Cryptocurrency enthusiasts who have been actively involved in bitcoin discussions will have come across the term “fungibility” on more than one occasion. Unfortunately for bitcoin, fungibility is one of the traits this currency does not possess in its current forms. Some people see it as a drawback, whereas others feel it is no problem whatsoever. Let’s take a look at what fungibility means and how it applies to bitcoin.
What is Fungibility?
Fungibility is a trait of a good or commodity with interchangeable individual units. For example, one ounce of pure gold is equivalent to any other ounce of pure gold. It does not matter in which “form” these ounces are traded. A bar of pure gold is the same as freshly minted pure gold or an ingot of pure gold. Currencies, as one would expect, are fungible as well, as it allows them to function in the real world on a global scale.
It is important to note fungibility and liquidity are not the same by any means. Liquid goods or commodities can be exchanged for money or other different goods. Fungible assets or goods, however, require one unit of the asset to be substantially equivalent to another unit of the same asset of the same quality. To put this into simpler terms; a 10 EUR bill is fungible, as it can be interchanged for another 10 EUR bill, two 5 EUR bills, and so on.
Bitcoin is proving to be a very different creature in this regard. It is not fungible in the traditional sense, although there are some caveats. Individual units of bitcoin have the same size. One bitcoin is as valuable as one bitcoin, and one Satoshi is as valuable as another Satoshi. However, bitcoins leave a trace on the blockchain. So-called “clean bitcoins” are worth slightly more than any other coin on the network, as they have no history linking ownership of the coins to that specific wallet address. Some people are willing to pay extra for “clean coins” by using mixing services.
Moreover, bitcoin service providers, such as exchanges, can blacklist specific bitcoin wallet addresses. Any coins transferred to and from these addresses are worth less, due to their blacklisted status. The same principle applies to fiat currencies, though. Tracing and monitoring of any currency or asset makes it less than fully fungible. Keeping this knowledge in mind, it is crystal clear bitcoin is not anonymous, nor was it ever intended to be used as such.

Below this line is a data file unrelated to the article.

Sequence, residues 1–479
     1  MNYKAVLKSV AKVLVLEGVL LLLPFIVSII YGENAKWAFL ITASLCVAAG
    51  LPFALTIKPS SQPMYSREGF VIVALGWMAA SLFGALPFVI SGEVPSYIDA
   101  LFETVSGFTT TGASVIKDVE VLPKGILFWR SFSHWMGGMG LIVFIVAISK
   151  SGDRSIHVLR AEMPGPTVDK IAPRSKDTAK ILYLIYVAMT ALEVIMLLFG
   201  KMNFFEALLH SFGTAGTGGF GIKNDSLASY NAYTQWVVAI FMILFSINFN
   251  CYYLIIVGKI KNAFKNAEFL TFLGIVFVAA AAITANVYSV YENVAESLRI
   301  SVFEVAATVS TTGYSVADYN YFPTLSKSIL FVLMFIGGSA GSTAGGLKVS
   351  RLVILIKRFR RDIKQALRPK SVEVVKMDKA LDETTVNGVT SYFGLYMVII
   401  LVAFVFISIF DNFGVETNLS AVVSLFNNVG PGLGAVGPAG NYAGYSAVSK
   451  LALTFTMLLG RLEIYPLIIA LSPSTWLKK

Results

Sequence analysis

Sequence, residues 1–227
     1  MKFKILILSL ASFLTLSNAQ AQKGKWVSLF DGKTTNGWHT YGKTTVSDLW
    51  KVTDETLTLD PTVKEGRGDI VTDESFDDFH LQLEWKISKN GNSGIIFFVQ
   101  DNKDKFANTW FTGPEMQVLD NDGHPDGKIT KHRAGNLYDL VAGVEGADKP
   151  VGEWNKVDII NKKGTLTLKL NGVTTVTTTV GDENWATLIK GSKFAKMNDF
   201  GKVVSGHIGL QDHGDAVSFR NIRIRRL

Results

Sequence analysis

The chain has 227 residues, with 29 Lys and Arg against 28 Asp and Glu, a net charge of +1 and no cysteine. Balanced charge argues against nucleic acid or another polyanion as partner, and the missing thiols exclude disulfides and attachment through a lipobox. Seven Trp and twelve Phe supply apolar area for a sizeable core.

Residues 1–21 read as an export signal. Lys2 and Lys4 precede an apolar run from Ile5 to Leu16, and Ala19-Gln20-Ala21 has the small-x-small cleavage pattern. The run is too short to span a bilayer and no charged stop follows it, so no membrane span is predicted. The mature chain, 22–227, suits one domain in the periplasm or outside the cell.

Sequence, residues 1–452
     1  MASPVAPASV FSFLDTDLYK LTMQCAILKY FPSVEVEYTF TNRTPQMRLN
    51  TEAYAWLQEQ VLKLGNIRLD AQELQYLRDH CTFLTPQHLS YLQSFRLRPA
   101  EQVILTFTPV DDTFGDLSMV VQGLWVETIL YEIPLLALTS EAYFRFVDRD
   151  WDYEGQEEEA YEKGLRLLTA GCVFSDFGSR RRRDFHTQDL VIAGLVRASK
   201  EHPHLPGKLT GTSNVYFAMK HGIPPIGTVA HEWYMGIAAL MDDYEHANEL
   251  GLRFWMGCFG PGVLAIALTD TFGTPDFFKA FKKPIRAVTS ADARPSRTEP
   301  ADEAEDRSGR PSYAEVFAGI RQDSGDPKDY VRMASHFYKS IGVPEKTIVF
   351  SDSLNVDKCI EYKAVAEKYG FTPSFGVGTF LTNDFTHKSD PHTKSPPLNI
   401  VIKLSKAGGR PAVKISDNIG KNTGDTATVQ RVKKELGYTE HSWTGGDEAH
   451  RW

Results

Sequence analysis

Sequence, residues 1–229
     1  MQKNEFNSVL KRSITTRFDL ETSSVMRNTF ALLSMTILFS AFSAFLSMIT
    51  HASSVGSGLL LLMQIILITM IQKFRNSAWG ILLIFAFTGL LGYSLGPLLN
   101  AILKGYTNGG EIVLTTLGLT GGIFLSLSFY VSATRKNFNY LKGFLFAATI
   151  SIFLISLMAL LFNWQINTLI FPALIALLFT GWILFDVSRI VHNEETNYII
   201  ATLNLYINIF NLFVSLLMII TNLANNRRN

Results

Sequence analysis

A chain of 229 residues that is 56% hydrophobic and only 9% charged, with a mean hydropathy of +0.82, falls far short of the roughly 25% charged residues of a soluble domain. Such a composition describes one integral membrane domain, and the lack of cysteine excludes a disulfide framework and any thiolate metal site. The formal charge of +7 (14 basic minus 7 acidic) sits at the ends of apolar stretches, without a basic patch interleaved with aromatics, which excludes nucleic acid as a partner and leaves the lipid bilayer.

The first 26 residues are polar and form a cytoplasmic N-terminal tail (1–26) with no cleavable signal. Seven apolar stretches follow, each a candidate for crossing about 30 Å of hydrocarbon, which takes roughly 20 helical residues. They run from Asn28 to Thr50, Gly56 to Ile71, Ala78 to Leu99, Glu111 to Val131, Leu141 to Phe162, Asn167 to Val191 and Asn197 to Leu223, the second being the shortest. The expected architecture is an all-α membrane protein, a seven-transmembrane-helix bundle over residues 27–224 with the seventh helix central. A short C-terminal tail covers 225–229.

To make bitcoin succeed as a global payment network, fungibility needs to be ensured at all times. So far, this process has been quite challenging. Just last year, blockchain forensics service provider Elliptic raised money to identify bitcoin transactions. Coinbase, on the other hand, has become extremely strict regarding the acceptance of coins with a murky history. While companies and merchants are not necessarily using third-party blacklist services before accepting bitcoins, it is evident there is a lot of work to be done before bitcoin can be fungible.
Several bitcoin-related projects under development will improve fungibility for this cryptocurrency. The Lightning Network will allow off-chain transactions, even though it is unclear when this project will be available to the masses. The Lightning Network does require SegWit activation, though, so it may be some time until we see it in action. Additionally, there is TumbleBit, which provides a tumbling service incapable of deanonymizing users. TumbleBit is expected to come to fruition later this year. Last but not least, the MimbleWimble protocol should not be discounted either, as it allows transactions to be removed from the blockchain.
If you liked this article, follow us on Twitter @themerklenews and make sure to subscribe to our newsletter to receive the latest bitcoin, cryptocurrency, and technology news.